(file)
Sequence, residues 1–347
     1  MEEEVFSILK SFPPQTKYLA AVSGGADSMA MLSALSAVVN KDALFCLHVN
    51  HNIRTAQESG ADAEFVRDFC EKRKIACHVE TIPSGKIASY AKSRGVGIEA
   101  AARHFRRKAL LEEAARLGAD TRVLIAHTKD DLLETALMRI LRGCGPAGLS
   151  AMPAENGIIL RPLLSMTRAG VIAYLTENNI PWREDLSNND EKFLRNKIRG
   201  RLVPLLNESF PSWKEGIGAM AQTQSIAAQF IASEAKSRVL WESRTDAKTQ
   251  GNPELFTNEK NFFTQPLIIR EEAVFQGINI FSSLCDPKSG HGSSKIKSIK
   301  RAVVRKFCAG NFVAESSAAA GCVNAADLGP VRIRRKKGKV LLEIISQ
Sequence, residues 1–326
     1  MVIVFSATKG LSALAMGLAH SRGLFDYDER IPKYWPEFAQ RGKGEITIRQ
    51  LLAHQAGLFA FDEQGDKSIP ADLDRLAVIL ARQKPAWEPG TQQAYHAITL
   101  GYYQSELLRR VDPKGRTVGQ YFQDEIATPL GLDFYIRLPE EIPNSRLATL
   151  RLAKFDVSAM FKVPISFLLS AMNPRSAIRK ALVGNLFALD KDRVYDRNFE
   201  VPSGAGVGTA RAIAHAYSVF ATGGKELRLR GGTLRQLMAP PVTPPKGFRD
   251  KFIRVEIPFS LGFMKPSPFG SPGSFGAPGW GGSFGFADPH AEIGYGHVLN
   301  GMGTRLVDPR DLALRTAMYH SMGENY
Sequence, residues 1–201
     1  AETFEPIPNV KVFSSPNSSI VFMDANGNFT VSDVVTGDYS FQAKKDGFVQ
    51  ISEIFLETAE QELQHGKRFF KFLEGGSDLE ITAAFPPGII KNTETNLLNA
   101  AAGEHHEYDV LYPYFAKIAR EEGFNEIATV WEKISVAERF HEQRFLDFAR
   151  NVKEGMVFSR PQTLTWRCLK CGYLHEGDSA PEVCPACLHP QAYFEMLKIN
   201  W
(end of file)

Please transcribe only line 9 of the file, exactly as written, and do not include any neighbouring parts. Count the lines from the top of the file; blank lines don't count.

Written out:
Sequence, residues 1–326